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Dickey’s grill hackers may have 3M stolen credit cards

Illustration for the article titled Hackers allegedly stole over 3 million customer credit cards from Dickey's Barbecue Pit

Photo: Spencer Platt / Staff (Getty Images)

Hackers are currently selling a trove of 3 million credit card numbers and apparently customer records stolen from Dickey’s Barbecue Pit, one of the largest grill chains in the United States.

The company today issued a statement about the hack and indicated that charges made on the stolen cards will be reversed.

“We received a report stating that a security incident with a payment card may have taken place. We take this incident very seriously and immediately initiated our response protocol and an investigation is underway. We are currently focused on determining the affected locations and time frames involved. We use the experience of third parties who have helped other restaurants solve similar problems and also work with the FBI and payment card networks. We understand that the rules for payment card networks generally stipulate that persons who timely report unauthorized charges to the bank that issued their cards are not responsible for these charges, ”a spokesman for Dickey wrote.

Security company Twin Advisor found the data on a hacker site called The Joker’s Stash under the name “BLAZINGSUN.” The data appears to originate from magstrip data on customer cards.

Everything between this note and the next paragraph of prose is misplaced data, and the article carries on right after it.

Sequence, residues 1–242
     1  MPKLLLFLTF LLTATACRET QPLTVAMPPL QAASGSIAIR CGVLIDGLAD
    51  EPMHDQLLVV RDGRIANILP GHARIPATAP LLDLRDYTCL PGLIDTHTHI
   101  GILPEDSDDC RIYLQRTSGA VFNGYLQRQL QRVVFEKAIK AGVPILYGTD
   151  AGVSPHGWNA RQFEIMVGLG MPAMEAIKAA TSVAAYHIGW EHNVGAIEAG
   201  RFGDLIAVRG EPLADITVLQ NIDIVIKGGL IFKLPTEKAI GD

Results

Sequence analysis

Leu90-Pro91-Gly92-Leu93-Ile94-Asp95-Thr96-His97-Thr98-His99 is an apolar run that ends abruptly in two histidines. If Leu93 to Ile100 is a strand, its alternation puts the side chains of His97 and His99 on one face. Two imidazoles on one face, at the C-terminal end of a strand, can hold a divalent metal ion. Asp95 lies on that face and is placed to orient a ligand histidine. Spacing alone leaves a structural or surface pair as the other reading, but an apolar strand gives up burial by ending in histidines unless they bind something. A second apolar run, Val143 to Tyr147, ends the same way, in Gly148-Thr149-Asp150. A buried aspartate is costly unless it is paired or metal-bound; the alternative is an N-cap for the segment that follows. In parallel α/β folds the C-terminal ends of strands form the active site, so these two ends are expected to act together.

“This represents a broader challenge for the industry, and Dickeys could become the latest warning story on lawsuits in addition to financial harm from cyber-security attacks,” wrote researchers from Gemini.

Chopped placements are marked in red.

Screenshot: Twin Advisor (Other things)

Dickey experienced a ransomware attack in 2015 and recently claimed to have locked down their servers. However, this recent attack suggests that hackers have breached a central payment service and could have even more data available for sale.

The hackers sell the card numbers on Joker’s Stash for every $ 17. Because every Dickey’s location is able to run its own point of sale system, it appears that this breach affected a central payment processor that allowed hackers to access data from 156 of the company’s 469 locations. The hackers claim that the data is “very valid”, which means that 90 to 100 percent of the cards are active and usable.

We have reached out to Dickeys for further comment. Gemini estimates that the hackers released information from the company between July 2019 and August 2020, giving them 10 months of detailed customer records.

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